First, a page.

Ms Keeble: It is already possible to offer such assistance. Local housing authorities may provide discretionary Private Sector Renewal Grants to assist home owners with radon remedial works to their properties where the annual averaged concentration of the gas exceeds the Action Level.
Mr. Sanders: To ask the Secretary of State for Transport, Local Government and the Regions how many bye-law applications from local authorities there were in each of the past five years, broken down by category, indicating in each case if they were approved. 
Dr. Whitehead: Local authorities are empowered to make a wide range of bye-laws for which confirmation is given by the Secretary of State responsible for the issues to which the bye-law relates. The information requested is not held centrally, and could be obtained only at disproportionate cost.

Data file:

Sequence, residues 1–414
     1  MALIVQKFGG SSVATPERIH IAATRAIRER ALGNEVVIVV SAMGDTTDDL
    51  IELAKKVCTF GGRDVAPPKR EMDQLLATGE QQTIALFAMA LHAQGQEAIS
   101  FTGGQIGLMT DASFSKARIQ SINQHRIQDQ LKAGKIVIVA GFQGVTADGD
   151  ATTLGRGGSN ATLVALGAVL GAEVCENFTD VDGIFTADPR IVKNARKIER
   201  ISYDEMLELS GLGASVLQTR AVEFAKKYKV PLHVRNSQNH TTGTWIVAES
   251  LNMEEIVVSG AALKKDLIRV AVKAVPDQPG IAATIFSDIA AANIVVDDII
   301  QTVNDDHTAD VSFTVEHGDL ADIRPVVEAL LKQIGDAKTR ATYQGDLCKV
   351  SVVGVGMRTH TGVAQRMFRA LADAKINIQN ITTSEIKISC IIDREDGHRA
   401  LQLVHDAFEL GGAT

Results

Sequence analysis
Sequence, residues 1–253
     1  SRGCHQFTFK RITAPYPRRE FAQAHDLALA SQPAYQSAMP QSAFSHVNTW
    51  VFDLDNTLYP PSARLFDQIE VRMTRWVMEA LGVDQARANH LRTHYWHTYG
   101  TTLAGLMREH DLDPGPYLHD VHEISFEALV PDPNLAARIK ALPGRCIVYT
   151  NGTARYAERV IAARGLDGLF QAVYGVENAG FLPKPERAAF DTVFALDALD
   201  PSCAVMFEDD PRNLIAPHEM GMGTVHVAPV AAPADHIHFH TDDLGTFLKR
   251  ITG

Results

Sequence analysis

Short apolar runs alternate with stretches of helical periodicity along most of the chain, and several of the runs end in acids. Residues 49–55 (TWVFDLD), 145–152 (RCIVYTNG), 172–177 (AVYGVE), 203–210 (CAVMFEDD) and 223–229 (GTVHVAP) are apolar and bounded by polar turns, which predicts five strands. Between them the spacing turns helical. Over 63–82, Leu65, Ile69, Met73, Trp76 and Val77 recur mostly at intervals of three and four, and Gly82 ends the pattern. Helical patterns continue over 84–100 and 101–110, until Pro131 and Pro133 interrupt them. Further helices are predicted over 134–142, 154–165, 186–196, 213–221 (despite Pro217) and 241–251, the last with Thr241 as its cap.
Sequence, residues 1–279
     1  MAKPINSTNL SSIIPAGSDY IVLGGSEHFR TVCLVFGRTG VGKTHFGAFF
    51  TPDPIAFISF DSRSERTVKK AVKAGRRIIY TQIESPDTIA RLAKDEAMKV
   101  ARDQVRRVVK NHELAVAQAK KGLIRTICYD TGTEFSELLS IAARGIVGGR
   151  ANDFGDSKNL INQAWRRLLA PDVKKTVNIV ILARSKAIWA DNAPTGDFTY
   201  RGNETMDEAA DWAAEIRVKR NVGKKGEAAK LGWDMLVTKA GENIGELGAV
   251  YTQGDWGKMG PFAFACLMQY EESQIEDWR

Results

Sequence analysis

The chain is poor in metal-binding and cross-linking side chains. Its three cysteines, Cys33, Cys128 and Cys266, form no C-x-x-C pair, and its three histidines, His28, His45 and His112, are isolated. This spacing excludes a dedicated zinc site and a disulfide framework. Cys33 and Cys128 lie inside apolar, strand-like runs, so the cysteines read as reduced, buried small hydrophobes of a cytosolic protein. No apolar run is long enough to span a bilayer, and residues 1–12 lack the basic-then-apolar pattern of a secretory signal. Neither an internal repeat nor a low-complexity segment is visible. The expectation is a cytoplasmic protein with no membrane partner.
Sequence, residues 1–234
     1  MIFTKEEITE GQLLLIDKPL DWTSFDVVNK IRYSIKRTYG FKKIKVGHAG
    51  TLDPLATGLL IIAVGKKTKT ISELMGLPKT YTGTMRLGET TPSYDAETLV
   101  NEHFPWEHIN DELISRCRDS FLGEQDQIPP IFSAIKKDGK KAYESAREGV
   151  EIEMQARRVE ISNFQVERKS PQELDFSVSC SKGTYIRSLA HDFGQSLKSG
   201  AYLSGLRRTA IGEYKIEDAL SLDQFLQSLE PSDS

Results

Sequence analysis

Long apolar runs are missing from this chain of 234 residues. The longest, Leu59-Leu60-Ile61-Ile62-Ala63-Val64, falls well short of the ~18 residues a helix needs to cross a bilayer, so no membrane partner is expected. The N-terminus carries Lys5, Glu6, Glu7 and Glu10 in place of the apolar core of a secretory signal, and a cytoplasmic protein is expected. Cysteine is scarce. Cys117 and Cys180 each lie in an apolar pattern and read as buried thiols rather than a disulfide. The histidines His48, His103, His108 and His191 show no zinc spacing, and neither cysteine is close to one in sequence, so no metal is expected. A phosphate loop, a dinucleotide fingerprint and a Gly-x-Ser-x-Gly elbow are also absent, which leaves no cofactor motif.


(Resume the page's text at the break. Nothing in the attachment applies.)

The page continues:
Dr. Whitehead: In considering applications from local authorities for confirmation of bye-laws regard is had to the relevant matters set out in Home Office Circular 25/1996 which include: that the bye-laws are within the powers of the enabling legislation and that any action required by the legislation, such as consultation with a named public body, has been taken; that they do not duplicate or conflict with the general law, existing
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bye-laws or any local Act or common law; that the nuisance they address merits criminal sanctions and that, to a reasonable person, the penalty available is proportionate; that they directly address a genuine and specific local problem and do not attempt to deal in general terms with essentially national issues; and that they do not conflict with Government policy.
Tom Brake: To ask the Secretary of State for Transport, Local Government and the Regions what research his Department has conducted into the applicability of the proposed not-for-profit Railtrack model for re-organising London Underground.